The excess money floating around in the world economy was increasingly absorbed in financial speculation once the value of currencies (such as the dollar, pound, yen or rand) were no longer fixed against each other and when the rules governing the operations of banks were changed to make it easier to lend and operate globally.
The introduction of pro-business policies in the late 1970s intensified in the 1980s and beyond. These include privatisation, tax cuts for the wealthy, and a reduction in state expenditure on welfare provisions. This has gradually killed the buying power of working people, who constitute a significant part of potential consumer markets. These policies are key aspects of what is referred to as ‘neoliberalism’, which will be covered in more detail in a subsequent edition of this column.
To make up for falling demand in a situation where workers’ wages were stagnating, easy credit was extended to the poor, especially through home loans. Trillions of dollars flowed into the housing markets around the world and the price of houses shot up. Homeowners then could borrow more money by using their houses as security.
But by 2007, more and more people became unable to keep up with their home loan instalments and the price of houses collapsed. The banks that had lent money in the housing market were bankrupted. Even worse: workers’ pension funds that were invested in the banks and housing market also became bankrupt. In the resultant financial crisis, many of the worlds leading investment banks and financial institutions collapsed, including Lehman Brothers, Merrill Lynch, Fannie Mae, Freddie Mac, Washington Mutual, Wachovia, Citigroup and AIG.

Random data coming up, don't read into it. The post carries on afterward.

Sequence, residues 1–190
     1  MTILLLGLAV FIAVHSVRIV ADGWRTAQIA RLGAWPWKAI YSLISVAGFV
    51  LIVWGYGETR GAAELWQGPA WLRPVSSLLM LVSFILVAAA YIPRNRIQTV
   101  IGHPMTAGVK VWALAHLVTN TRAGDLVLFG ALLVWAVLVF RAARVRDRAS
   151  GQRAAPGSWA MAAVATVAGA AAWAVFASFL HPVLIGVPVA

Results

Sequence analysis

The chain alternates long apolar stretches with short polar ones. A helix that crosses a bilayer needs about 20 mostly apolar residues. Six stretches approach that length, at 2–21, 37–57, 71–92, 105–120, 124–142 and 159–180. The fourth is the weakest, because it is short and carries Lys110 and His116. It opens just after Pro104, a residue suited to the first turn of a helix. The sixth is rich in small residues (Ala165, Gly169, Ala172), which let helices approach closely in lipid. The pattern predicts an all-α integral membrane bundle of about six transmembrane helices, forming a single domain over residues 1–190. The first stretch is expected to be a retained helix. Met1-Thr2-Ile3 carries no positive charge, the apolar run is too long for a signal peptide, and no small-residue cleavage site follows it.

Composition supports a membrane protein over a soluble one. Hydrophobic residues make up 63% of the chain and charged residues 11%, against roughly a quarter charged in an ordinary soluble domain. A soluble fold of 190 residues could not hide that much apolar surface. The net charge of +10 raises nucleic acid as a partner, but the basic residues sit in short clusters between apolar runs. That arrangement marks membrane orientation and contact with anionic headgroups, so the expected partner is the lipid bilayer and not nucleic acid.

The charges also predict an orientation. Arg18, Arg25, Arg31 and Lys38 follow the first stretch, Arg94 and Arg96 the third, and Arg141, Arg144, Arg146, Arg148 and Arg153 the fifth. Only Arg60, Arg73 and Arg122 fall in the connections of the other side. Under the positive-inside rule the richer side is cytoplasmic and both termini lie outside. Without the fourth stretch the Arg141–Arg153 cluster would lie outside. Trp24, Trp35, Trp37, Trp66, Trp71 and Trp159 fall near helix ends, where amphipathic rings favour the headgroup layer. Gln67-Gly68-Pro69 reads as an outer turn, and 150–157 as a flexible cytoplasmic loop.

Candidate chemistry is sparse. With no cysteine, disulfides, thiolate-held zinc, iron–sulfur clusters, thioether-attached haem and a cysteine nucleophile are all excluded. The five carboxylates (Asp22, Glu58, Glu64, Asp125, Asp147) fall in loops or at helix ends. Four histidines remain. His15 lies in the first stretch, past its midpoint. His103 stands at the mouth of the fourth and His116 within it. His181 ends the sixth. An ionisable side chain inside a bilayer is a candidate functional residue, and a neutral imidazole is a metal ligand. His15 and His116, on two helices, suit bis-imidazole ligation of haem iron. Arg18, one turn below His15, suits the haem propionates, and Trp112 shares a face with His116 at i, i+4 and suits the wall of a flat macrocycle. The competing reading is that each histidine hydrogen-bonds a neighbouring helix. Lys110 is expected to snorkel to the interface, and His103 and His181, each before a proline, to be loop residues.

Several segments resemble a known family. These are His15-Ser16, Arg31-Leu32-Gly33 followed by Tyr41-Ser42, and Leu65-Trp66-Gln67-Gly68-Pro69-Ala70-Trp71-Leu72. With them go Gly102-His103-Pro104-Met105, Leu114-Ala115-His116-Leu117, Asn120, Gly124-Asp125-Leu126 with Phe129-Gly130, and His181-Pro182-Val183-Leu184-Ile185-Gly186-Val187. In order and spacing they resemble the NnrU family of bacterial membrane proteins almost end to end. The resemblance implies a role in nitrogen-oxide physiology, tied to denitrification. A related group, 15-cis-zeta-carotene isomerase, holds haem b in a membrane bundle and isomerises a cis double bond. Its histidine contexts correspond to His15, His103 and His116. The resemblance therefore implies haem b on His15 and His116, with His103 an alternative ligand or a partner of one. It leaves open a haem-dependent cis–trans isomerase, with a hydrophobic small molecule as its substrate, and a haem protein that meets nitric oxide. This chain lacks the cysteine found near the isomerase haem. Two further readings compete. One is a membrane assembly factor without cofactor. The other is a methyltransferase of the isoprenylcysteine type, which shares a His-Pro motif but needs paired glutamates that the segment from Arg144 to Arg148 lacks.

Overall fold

Matters were made worse by the major governments around the world, who rushed in to bail out the banks using taxpayers’ money. It is estimated that the US government alone spent $29 trillion on bailing out the financial sector.
This is equal to approximately 50 times the value of all the minerals and other goods and services produced by the South African economy in a year.
The bailouts created a new crisis: a debt crisis of the world’s major governments. The centre of this crisis lies in Europe. Portugal, Ireland, Greece and Spain (PIGS) and a number of other governments had to be bailed out in turn because they took out loans to finance the bailouts of the financial institutions, which they could not repay.
A number of these financial institutions bet against their governments being able to pay back the loans, thereby making the financial crisis even worse.
Now European and other governments in the North are cutting state expenditure in an attempt to put their finances in order. However, as government expenditure is a significant aspect of economic growth, economies around the world are slumping further. Even worse is that millions of state workers are being retrenched and wages and pensions reduced, which in turn reduces still further the buying power of consumers that is so crucial for capitalist economies.
So car markets in Europe collapse, the demand for platinum plummets, and the bosses of Lonmin and other platinum producers the resist wage demands of workers, as we saw at Marikana.
The Marikana tragedy can be termed a tragedy of global capitalism.